LSST’s Deputy CEO asks Harvard University expert: can air conditioning circulate COVID-19?
By Kunal Chan Mehta | Article Date: 1 July 2020
There are times when we are extremely thankful for well-maintained, checked and cleaned, air conditioning (AC), especially during summer. However, Harvard University’s world-renowned Professor of Medicine and Global Health, Edward Nardell, indicates that AC can be a factor in the spreading of COVID-19. LSST’s Deputy CEO, Mohammed Zaidi, finds out more:
1. [MZ] Your research tells me that it is, somewhat, dangerous to be cool? Perhaps we’ve got air conditioning all wrong?
[EN] There is nothing inherently wrong with air conditioning (AC) – compared to heating for example – in both cases, people are indoors because it is too hot, humid, cold, or polluted outside and therefore in conditions more likely to transmit infections.
For economic reasons, we have constructed buildings much tighter than in the past, so air infiltration (leaky windows and so on) providing dilution of indoor contaminants is far less. Our tolerance for temperature differences has also gotten much less – and both global warming and economic prosperity has accelerated the spread of AC – especially in countries like India and Indonesia where natural ventilation had been the rule.
Immediately with the turning on of AC, the windows are closed and the “rebreathed air fraction” increases dramatically – that portion of inhaled air that has just been exhaled by others – conditions favourable for the spread of airborne infections if there is an infectious source.
2. So what should the major air conditioning manufacturers, such as Hitachi, Samsung and LG, do with the findings of your research?
First, what AC manufacturers should NOT do – they should not be tempted to solve the problem of increased airborne transmission risk by turning AC into room air cleaners – that is, moving room air through a filter or UV system to disinfect the air. The problem with that approach is that it is most often difficult to achieve the 6 -12 equivalent air changes per hour (EqACH) needed for effective air disinfection, and the filtration/UV is only operating when the AC cycles on – although that could be changed. Such systems are flow-limited – how much room air can go through a device in one location while not re-capturing and reprocessing just processed air (short-circuiting).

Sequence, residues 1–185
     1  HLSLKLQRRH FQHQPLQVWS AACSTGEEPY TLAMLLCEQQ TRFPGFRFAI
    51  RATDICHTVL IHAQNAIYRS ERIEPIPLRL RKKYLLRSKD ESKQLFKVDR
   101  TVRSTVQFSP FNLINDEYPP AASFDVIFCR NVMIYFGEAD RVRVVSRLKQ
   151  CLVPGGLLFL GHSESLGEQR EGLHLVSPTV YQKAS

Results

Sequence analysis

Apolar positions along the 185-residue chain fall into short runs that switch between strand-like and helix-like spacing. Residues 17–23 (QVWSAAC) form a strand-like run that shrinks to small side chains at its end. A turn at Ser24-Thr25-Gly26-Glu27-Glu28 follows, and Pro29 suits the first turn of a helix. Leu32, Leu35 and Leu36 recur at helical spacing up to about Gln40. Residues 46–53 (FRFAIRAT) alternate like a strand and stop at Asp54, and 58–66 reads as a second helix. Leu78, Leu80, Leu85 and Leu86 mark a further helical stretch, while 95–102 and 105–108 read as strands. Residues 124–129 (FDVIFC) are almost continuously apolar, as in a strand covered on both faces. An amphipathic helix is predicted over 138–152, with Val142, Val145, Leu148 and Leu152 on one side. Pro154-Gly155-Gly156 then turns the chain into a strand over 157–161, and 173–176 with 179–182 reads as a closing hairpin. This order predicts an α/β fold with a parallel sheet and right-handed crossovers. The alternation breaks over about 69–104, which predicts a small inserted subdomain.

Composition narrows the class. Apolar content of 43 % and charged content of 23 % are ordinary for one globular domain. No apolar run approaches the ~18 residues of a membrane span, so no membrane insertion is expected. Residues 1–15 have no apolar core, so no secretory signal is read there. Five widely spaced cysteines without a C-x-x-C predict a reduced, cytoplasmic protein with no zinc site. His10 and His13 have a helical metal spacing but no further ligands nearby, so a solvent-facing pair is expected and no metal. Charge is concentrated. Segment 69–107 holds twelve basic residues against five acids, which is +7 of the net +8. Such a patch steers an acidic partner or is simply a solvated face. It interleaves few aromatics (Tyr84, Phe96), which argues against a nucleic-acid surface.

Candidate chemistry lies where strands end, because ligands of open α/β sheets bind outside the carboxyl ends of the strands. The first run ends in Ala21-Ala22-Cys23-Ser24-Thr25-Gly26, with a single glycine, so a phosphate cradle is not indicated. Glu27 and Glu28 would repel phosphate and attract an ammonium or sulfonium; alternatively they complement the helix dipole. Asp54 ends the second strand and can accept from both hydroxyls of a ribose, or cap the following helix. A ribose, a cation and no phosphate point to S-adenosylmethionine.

A much more efficient approach where there is sufficient ceiling height is upper room UV air disinfection with air mixing. Because upper room UV treats a large volume of upper air at once, which then mixes with lower air, it has been shown to produce EqACH rates of 10-25 – within and above the rates needed for effective air disinfection. My vision is that Hitachi, Samsung, LG, Mitsubishi and the like, would produce a louvred upper room UV fixture, housed to coordinate with the appearance of their split-system wall unit, designed to sit above or below the unit, ideally controlled by CO2 levels in the room, and employing the wall unit for effective air mixing. As far as I know, this option does not now exist, but the technology is there to produce these today.